The individual market includes about 15 million people, and around 18% of the roughly 149 million with employer coverage were at small companies, according to 2011 figures from the Kaiser Family Foundation. The individual market is expected to grow to around 35 million people by 2016 as a result of the law.
In a private presentation to brokers late last month, UnitedHealth Group Inc., UNH +0.33% the nation's largest carrier, said premiums for some consumers buying their own plans could go up as much as 116%, and small-business rates as much as 25% to 50%. The company said the estimates were driven in part by growing medical costs not directly tied to the law. It also cited the law's requirements that health status not affect rates and that plans include certain minimum benefits and limits to out-of-pocket charges, among other things.
Jeff Alter, who leads UnitedHealth's employer and individual insurance business, said the numbers represented a "high-end scenario," not an average. "There are some scenarios in which a member could see as much as a 116% increase or over," he said, though others, such as some older consumers, could see decreases. He said the company dwelled on the possible increases because it was trying to prepare brokers to speak with clients facing big jumps.
Other carriers have also projected steep rate increases during private meetings and conversations with brokers. Brokers say they are being told to prepare the marketplace for small-business and individual rate increases as carriers get ready to file specific rate proposals and plan designs with regulators.
Insurers are "not being shy that premiums are going to increase in 2014," and are urging brokers to "brace our clients," said John Lacy, vice president of group benefits at Bouchard Insurance, a brokerage in Clearwater, Fla. His firm has been hearing from carrier representatives that individual premiums in Florida could go up 35% to 50%, on average, and small-business rates around 30%, though it hopes to find strategies to blunt the impact.
Aetna Inc., AET +0.42% in a presentation last fall to its national broker advisory council, suggested rates on individual plans not being grandfathered under the law could go up 55%, on average, and gave a figure of 29% for small business rates. Both numbers included 10 percentage points tied to medical-cost inflation, not the law. An Aetna spokesman said the numbers are "still generally in line with what we've been estimating," and represented the average impact in a typical state.
An official with Blue Cross & Blue Shield of North Carolina told a gathering of brokers last week that individual premiums could go up by as much as 40% to 50%, according to brokers who were present. A spokeswoman for the insurer said "we don't have final numbers" yet on premiums.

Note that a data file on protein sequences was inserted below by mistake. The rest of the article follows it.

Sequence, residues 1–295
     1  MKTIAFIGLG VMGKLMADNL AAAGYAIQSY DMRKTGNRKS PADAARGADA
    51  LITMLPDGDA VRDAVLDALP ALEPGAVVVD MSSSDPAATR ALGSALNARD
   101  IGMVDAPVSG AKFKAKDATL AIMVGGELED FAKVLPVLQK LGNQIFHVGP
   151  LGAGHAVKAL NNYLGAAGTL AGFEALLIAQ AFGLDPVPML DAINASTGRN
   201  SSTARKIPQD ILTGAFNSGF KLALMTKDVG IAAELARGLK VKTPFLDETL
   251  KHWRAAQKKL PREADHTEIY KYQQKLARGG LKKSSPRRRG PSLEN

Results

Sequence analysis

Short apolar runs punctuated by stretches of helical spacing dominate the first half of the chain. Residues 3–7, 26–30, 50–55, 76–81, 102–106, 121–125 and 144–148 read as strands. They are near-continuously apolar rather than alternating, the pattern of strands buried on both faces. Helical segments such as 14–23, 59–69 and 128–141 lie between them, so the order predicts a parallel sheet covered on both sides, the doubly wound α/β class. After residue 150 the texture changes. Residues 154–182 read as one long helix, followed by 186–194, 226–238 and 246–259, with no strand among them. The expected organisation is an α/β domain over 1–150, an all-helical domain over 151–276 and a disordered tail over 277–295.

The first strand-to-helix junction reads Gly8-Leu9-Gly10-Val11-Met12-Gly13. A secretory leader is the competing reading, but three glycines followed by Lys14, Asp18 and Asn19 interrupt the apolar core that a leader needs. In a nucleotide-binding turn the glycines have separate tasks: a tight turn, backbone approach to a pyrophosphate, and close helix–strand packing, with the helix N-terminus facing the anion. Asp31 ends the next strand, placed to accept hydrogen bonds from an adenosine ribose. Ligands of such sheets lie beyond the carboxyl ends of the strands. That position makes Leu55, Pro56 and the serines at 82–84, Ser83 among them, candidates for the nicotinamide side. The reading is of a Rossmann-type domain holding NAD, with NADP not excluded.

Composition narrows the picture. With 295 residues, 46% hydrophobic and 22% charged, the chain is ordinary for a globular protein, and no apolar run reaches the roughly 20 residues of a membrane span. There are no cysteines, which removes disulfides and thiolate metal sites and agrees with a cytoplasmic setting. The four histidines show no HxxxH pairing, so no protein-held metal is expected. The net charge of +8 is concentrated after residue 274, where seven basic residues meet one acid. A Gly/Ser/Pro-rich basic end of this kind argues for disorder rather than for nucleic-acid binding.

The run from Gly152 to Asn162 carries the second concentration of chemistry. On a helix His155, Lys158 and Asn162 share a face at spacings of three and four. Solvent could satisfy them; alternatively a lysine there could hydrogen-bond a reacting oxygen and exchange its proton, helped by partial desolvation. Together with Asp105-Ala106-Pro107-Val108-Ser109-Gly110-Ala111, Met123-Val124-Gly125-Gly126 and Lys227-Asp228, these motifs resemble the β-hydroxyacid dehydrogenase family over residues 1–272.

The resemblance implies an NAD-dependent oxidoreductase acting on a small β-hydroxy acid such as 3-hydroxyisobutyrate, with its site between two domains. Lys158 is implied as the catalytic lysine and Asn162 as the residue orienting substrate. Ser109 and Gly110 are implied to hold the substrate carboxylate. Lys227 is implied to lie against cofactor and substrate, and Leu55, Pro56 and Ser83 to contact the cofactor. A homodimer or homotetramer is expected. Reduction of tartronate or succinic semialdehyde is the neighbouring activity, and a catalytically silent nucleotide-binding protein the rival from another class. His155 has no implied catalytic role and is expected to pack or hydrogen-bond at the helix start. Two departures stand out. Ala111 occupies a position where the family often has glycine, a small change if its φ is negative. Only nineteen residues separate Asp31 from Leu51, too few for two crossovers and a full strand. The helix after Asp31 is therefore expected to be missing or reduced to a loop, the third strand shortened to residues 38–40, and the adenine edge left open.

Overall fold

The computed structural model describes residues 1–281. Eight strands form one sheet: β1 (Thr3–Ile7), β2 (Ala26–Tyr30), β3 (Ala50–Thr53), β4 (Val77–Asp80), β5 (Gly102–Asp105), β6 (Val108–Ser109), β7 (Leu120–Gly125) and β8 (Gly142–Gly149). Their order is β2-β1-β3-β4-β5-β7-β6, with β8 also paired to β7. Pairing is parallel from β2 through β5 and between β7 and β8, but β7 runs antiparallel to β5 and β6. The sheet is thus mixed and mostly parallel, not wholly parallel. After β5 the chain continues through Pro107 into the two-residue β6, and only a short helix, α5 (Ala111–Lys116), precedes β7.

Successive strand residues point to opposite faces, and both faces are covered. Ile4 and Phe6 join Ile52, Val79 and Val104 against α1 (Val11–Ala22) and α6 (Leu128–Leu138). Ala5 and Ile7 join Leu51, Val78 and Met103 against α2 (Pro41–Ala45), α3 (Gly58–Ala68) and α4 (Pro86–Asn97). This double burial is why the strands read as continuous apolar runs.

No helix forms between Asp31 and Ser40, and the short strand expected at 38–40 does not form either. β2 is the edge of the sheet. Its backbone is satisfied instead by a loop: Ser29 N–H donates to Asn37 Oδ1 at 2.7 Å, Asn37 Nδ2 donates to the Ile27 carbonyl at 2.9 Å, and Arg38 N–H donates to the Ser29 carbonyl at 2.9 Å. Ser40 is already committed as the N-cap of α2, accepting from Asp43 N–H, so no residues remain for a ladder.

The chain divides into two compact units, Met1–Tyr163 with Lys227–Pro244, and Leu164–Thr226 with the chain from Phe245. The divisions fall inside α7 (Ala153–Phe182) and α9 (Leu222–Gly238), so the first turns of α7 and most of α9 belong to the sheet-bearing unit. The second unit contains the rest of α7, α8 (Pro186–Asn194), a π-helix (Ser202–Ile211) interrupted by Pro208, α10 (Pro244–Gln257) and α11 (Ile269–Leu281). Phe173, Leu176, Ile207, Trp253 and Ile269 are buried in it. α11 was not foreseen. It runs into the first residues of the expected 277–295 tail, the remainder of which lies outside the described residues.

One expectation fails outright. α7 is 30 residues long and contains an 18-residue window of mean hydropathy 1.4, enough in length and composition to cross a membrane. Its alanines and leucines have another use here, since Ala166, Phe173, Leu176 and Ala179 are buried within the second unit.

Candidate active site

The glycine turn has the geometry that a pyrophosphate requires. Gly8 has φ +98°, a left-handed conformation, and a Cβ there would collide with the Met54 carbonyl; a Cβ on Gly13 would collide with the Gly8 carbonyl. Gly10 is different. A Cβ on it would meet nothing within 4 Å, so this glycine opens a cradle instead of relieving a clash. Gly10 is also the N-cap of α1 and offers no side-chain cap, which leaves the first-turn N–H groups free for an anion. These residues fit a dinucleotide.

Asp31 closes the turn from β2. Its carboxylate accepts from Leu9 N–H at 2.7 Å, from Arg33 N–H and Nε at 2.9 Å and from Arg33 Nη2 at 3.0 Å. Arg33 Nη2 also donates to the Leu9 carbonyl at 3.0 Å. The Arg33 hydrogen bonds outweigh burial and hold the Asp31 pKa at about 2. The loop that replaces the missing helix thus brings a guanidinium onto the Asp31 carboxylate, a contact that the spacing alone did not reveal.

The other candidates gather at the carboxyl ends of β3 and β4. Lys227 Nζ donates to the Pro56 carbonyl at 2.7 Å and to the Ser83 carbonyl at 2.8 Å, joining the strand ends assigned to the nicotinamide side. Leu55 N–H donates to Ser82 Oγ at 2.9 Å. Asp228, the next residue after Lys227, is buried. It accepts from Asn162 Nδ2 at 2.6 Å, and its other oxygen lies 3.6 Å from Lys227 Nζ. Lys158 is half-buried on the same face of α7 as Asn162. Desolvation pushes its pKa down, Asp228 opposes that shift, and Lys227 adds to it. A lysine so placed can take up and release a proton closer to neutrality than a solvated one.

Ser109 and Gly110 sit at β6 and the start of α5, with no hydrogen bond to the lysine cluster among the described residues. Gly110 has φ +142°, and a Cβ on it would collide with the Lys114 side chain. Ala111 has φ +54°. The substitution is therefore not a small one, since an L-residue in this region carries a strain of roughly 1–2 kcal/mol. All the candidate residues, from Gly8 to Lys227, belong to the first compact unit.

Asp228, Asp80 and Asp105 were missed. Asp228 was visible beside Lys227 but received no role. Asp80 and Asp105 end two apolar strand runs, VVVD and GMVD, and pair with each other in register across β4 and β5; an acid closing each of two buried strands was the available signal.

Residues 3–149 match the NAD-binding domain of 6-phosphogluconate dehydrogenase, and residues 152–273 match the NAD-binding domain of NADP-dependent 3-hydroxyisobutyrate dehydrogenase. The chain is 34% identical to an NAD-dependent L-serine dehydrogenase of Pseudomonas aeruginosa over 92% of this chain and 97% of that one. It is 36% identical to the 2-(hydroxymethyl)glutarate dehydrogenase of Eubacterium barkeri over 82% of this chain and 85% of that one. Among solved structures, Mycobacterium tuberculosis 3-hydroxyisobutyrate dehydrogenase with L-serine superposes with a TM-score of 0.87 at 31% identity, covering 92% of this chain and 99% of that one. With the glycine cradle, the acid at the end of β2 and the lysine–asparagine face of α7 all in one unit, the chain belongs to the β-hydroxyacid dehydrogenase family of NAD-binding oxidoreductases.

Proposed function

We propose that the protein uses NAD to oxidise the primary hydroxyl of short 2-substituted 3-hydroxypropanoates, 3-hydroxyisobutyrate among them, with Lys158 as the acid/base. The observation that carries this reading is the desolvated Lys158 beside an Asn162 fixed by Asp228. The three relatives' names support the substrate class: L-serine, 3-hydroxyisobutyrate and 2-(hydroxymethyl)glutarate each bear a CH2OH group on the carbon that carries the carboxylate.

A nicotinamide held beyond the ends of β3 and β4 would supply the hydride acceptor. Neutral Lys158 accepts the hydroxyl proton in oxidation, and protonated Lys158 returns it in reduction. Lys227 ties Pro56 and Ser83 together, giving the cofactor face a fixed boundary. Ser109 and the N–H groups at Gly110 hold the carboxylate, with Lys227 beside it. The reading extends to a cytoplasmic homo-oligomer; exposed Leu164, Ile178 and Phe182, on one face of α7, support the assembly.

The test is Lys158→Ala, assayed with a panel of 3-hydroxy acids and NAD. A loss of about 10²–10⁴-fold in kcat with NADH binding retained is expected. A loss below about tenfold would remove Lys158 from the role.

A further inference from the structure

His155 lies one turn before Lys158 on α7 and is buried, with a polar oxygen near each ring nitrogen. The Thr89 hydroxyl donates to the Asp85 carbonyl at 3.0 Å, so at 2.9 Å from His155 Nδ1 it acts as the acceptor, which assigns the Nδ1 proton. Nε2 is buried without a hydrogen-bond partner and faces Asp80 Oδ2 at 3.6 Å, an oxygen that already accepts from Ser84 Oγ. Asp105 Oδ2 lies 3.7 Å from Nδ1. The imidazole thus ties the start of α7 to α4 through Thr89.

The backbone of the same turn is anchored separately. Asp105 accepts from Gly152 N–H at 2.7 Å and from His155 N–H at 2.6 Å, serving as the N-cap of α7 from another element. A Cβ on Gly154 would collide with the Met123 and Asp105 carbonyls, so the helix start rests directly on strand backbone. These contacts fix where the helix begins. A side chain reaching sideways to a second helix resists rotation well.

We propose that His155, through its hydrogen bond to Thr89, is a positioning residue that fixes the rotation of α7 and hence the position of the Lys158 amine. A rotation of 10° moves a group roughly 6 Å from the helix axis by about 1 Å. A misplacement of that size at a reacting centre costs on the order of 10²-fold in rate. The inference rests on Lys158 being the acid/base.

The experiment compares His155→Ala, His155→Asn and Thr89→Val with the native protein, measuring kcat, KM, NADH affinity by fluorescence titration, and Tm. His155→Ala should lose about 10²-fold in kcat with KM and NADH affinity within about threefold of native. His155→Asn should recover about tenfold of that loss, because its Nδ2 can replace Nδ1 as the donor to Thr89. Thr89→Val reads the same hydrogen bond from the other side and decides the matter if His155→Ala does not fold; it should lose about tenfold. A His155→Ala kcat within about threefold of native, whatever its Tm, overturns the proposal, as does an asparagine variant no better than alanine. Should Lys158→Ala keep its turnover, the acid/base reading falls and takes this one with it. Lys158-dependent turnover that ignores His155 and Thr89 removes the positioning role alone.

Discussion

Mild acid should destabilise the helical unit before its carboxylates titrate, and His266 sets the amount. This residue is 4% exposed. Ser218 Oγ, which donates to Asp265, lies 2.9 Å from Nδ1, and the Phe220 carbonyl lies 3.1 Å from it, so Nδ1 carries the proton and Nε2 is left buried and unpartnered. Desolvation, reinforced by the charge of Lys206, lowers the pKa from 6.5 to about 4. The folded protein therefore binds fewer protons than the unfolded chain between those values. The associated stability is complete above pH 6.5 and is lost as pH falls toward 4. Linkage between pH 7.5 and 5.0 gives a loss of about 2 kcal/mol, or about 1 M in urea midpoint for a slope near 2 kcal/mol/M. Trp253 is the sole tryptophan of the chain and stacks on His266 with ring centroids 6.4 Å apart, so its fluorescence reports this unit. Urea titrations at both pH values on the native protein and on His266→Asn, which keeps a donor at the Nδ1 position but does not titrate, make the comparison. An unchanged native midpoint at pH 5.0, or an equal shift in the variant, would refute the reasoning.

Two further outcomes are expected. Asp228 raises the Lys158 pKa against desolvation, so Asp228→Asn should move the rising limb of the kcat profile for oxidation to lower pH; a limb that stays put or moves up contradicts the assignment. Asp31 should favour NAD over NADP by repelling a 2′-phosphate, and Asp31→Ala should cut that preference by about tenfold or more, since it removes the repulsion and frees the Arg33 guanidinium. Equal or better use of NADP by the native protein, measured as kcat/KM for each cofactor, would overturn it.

There has long been debate, even among insurance experts, over how the law will affect premiums. Because the effect is likely to vary, different measurements can arrive at different conclusions. The CBO analysis cited by the administration determined that average premiums for consumers who buy their own coverage would be 14% to 20% lower because of the law—if the law didn't change the types of plans they purchased.
But the CBO also suggested the law would lead to consumers buying more expensive plans, largely because it requires coverage to include certain benefits and limit charges such as deductibles. When this effect was taken into account, the average premiums would go up 10% to 13%, the agency said, though subsidies would ease the bite for most people. The agency also said small-business policies were likely to cost within a few percentage points of the amount they would have without the law.
Health and Human Services officials say competition among insurers, as well as provisions to limit their financial risk from attracting high-cost consumers, will exert downward pressure on premiums, and point to the tax subsidies that will limit many consumers' costs.
Subsidies will be available on a sliding scale for people with incomes of up to four times the federal poverty level—currently $45,960 for a single person and $94,200 a year for a family of four. More than half of the 35 million people expected to be in the individual market by 2016 are likely to qualify for credits. People whose incomes are around the poverty level could see almost all of the cost of their insurance subsidized, while people at the upper end will get only a small discount toward their premiums.Read More & Comment...
BioCentury reports that Senator Ron Wyden (D-OR.) sent a letter to NIH requesting a list of medicines that have reached the market as result of NIH research since 1995 -- when the agency removed the reasonable pricing clause from cooperative research and development agreements (CRADAs).